From this point of view its going to be much easier if the people laying down the fill really ‘get’ the importance of doing it right. This is much easier to achieve if you have got together from the beginning as a team and this includes the contractor. If the contractors come in from the cold late on, it’s a recipe for disputes, says Mr Sanderson.

Even harder to sell to the client than the need to wait is the involvement of the contractors up front. So much can go slightly askew, beyond the soil itself, if the contractors haven’t been brought in early. But this kind of move tends to ring alarm bells with customers who are less than happy with an outcome where think they are paying more, not less, than a straightforward competitive tender.


Tough sell

On the other hand, the procurement process still needs an element of competition, and the port’s stakeholders need to be shown that they are getting good value for money. It can, obviously, be a ticklish business, doing this at an early stage when the design hasn’t been progressed very far and the project isn’t yet set in stone. But operators should not underestimate what this kind of collaboration can bring, nor should they underestimate what happens if the contractors haven’t ‘bought into’ the project. The point is, while Early Contractor Involvement (ECI) is on its way to becoming more accepted, the take up still isn’t all that it could be.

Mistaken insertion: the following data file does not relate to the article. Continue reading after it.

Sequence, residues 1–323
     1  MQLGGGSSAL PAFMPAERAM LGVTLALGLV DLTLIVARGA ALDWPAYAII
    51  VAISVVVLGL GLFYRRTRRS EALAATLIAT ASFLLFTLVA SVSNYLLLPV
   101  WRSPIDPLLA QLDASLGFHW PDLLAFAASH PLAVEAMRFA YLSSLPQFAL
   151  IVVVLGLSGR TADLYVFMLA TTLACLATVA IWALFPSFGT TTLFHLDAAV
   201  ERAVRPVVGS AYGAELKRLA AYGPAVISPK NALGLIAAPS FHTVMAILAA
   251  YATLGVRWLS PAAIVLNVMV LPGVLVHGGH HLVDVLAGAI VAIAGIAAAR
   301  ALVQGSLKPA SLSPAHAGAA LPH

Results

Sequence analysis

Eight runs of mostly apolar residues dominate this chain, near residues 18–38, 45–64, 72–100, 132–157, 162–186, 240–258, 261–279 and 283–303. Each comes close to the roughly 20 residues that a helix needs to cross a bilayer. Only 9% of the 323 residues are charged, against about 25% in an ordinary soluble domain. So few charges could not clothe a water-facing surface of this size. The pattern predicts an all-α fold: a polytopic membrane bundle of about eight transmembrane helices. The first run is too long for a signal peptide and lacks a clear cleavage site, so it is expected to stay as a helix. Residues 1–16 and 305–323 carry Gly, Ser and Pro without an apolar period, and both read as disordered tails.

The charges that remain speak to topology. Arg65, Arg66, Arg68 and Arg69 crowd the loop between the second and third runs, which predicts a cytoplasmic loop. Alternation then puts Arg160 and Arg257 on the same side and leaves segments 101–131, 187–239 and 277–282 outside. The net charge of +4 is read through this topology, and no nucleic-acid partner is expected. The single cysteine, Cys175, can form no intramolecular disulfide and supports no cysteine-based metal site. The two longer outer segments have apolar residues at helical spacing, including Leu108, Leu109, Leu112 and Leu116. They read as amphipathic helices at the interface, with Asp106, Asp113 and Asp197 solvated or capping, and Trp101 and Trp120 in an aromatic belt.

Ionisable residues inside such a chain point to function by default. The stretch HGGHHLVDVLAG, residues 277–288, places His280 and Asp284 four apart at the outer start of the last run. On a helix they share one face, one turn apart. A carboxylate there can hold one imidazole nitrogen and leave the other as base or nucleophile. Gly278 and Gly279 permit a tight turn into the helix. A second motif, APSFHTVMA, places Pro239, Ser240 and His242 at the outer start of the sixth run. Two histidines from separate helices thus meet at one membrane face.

The results of ECI in not just pushing but creating a whole new envelope are outlined by Port Botany’s 63 hectare reclamation which literally rested on Jan De Nul’s early involvement.

Yves Bosteels of Jan De Nul explains the first challenge was putting down enough land to get a foothold – the company had been told it couldn’t use even a metre of the port’s existing land.

Secondly, “every single bit of the fill had to be reclaimed from the existing site ‘envelope’,” explains Mr Bosteels. “We had to move 11m cubic metres of build material. That’s four times the volume of the Pyramid of Cheops, from a relatively constrained area.

”Complicating it all was the nearby airport, which put the takeoff runway within 200 metres of some parts of the dredging site. “Occasionally the airport controllers would look over at how close the dredgers were, and get worried about the possibility of destabilising their runways,” he adds. “It wasn’t always easy to negotiate our way through. Compliance was paramount.”